A detailed spatial analysis on contrasting cancer incidence patterns in thyroid and lung cancer in Toronto women
Prior and posterior distributions for selected model parameters. Legend: a. Thyroid cancer range ϕ.b. Thyroid cancer standard deviation δ.c. Lung cancer range ϕ.d. Lung cancer standard deviation δ
© Copyright Policy - OpenAccess
Related In: Results  -  Collection

License 1 - License 2
Show All Figures
getmorefigures.php?uid=PMC5016996&req=5

Fig3: Prior and posterior distributions for selected model parameters. Legend: a. Thyroid cancer range ϕ.b. Thyroid cancer standard deviation δ.c. Lung cancer range ϕ.d. Lung cancer standard deviation δ
Mentions: Upon examining the regional distribution of female TC and LC cases, we observed a relatively higher density of TC cases in the Northeast part of the city (Fig. 2a), and a higher density of LC cases in the Southeast (Fig. 2c). Lung cancer risk in Toronto is lower than the Canadian average and thyroid cancer is more common in Toronto than elsewhere in Canada, which is reflected in relative risk for LC being below 1.1 and relative risk for TC being above 1.5 throughout the city. From the map of residual spatial random effect for LC (Fig. 2d), a strong spatial effect is observed in the Central Southeast. However, the map of TC cases does not show the same pattern (Fig. 2b). These data strongly suggest that the risks for TC and LC are highly variable regionally, but that the risk for each of these malignancies appears to be independent. Table 1 shows parameter estimates for both models along with 95 % posterior credible intervals, and the larger range parameter for LC of 7.2 km (against 3.3 km for TC) reflects the smoother contour lines for residual LC risk in Fig. 2b. The standard deviation parameter is larger for LC, however, at 0.21 versus 0.15 for TC, which is reflected in the surface in Fig. 2b showing relative risks for TC closer to 1.0 than the comparable values for LC in Fig. 2d. Figure 3 shows prior and posterior distributions for the range and standard deviation parameters, with the larger LC dataset shifting posterior distributions further from their priors than the smaller number of TC cases do.Fig. 2

View Article: PubMed Central - PubMed

ABSTRACT

Background: Thyroid cancer has been rapidly rising in incidence in Canada; however, in contrast, lung cancer appears to be decreasing in incidence in Canadian men and stable in women. Moreover, disease-related mortality risk is generally very low in TC but high in LC. We performed a geographic spatial analysis in metropolitan Toronto, Canada to determine if there is regional variability of respective risks of thyroid cancer (TC) and lung cancer (LC), among women. Women were of particular interest for this study, given their known predilection for thyroid cancer.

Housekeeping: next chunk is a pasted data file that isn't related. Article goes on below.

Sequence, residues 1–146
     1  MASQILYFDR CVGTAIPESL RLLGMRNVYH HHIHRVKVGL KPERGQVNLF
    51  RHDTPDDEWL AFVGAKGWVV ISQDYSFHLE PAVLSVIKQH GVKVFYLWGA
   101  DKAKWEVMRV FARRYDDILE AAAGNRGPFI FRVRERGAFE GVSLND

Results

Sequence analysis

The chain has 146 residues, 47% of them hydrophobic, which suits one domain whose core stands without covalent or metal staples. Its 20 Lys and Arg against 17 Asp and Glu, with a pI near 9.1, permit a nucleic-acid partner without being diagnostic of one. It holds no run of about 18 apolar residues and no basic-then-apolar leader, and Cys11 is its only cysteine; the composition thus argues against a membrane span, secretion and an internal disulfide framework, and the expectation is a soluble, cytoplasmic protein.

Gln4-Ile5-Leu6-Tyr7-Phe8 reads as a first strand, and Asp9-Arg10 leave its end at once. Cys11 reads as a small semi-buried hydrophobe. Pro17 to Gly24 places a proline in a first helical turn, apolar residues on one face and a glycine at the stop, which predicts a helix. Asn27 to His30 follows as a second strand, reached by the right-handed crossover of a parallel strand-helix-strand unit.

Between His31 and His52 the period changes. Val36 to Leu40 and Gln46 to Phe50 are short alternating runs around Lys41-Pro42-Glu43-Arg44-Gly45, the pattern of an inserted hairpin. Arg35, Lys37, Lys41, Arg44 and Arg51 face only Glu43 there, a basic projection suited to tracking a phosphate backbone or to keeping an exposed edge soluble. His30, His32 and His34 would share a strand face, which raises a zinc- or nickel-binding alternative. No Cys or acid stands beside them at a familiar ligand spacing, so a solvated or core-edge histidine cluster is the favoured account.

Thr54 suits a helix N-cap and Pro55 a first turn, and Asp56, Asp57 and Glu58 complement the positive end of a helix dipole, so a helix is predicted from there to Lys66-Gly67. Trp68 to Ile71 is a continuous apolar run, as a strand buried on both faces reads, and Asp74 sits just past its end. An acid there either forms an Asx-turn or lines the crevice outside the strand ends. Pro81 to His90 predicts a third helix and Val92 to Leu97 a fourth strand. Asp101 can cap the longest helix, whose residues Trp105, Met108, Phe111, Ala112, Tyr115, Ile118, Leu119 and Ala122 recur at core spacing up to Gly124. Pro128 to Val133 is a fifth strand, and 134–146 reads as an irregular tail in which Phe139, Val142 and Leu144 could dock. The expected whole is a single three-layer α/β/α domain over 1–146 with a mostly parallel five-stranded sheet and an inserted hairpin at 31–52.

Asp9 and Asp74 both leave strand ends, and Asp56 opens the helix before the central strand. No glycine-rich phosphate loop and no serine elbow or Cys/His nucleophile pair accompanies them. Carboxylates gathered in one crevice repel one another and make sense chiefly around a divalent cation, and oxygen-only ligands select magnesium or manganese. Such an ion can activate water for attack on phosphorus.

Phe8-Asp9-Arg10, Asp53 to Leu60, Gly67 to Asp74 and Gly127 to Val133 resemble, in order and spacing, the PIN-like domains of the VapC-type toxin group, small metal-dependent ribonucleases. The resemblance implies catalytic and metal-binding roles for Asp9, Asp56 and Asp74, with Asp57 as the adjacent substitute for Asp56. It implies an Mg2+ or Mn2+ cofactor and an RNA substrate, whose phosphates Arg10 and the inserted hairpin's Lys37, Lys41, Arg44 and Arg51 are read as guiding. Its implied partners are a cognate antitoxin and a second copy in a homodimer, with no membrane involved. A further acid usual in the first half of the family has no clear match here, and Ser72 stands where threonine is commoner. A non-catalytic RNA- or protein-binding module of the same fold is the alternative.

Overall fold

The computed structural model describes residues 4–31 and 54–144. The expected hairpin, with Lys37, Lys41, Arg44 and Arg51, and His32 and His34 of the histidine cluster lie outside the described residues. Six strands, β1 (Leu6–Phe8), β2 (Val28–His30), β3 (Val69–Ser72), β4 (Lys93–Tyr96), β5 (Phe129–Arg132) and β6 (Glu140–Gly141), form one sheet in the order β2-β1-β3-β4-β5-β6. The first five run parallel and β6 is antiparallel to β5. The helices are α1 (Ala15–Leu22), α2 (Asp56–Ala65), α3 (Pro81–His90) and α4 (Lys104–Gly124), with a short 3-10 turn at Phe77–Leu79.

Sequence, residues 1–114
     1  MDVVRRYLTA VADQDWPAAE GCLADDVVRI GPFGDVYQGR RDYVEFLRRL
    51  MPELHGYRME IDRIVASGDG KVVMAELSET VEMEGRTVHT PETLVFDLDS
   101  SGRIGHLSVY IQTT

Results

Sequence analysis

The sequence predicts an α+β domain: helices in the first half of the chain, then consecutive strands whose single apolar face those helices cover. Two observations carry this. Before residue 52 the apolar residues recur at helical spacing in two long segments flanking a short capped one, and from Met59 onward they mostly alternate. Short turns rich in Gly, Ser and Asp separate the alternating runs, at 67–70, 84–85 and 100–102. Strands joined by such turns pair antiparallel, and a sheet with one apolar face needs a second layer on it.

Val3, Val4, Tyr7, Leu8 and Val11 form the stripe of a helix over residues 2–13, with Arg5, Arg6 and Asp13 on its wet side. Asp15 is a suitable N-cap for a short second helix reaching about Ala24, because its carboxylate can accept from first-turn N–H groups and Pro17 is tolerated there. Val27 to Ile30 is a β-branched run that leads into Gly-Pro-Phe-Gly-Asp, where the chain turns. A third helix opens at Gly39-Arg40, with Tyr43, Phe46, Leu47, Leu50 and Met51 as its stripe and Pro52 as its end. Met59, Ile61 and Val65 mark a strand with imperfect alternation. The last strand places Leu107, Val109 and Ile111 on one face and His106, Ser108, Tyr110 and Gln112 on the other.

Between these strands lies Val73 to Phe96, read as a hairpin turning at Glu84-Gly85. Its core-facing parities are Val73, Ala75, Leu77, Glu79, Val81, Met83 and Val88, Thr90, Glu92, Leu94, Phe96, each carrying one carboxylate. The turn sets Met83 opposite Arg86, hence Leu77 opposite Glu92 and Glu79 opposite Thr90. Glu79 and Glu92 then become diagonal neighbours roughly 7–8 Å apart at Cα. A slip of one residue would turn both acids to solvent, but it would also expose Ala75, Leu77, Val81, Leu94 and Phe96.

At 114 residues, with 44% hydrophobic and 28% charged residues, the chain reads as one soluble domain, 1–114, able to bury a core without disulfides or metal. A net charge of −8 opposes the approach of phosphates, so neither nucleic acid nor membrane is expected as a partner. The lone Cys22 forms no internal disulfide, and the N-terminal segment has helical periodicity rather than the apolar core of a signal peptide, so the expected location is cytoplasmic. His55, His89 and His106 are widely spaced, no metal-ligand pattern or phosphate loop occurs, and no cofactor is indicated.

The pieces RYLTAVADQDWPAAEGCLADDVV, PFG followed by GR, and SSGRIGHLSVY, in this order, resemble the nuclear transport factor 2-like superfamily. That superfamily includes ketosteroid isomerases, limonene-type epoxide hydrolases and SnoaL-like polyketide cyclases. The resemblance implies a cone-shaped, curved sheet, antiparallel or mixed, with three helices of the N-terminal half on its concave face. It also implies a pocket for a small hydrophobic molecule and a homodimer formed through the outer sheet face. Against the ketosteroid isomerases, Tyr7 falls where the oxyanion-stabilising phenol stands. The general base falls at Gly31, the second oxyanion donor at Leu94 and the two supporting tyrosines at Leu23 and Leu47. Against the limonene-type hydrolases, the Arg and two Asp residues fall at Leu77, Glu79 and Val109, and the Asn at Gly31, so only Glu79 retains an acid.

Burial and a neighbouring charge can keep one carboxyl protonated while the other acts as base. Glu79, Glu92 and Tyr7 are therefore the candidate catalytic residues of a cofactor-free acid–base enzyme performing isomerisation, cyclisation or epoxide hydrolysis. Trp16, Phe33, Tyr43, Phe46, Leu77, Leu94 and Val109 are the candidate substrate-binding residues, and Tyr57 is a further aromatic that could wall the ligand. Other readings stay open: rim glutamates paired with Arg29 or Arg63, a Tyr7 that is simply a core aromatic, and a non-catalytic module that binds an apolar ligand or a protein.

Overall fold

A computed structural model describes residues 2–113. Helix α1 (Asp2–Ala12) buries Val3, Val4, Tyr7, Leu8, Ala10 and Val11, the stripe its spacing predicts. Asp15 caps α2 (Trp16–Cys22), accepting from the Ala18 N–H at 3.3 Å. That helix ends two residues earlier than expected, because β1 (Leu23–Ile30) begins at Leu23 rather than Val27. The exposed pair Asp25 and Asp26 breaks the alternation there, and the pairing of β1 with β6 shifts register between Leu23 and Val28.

Methods: The postal codes of all females with TC or LC, residing in metropolitan Toronto from 2004 to 2008, were geocoded to point locations according to 2006 Canadian Census data. The data were analysed using a log-Gaussian Cox Process, where the intensity of age-adjusted cancer cases was modelled as a log-linear combination of the population at risk, explanatory variables (race, immigration, and median household income), and a residual spatially varying random effect. For each respective malignancy, statistical models were fit to make quantify the relationship between cancer incidence and explanatory variables.

Results: We included 2230 women with TC and 2412 with LC. The distribution of TC and LC cases contrasted inversely among Toronto neighbourhoods with the highest TC incidence in the Northeast and the highest LC incidence in the Southeast. A higher proportion of Asian ethnicity was associated with higher regional risk of TC and lower risk of LC. A higher proportion of recent immigrants was associated with increased LC and lower TC risk, whereas median household income and proportions of African ethnicity were not significantly associated with risk of either cancer, after adjustment for other socio-demographic variables.

Conclusions: We observed contrasting regional distributions of female TC and LC cases in Toronto. The differences were partly attributed to ethnic composition variability and the proportion of recent immigrants, but substantial unexplained residual variation of incidence patterns of these malignancies exists, suggesting that more individual-level research is needed to explain the regional variability of incidence of these malignancies.

No MeSH data available.


Related in: MedlinePlus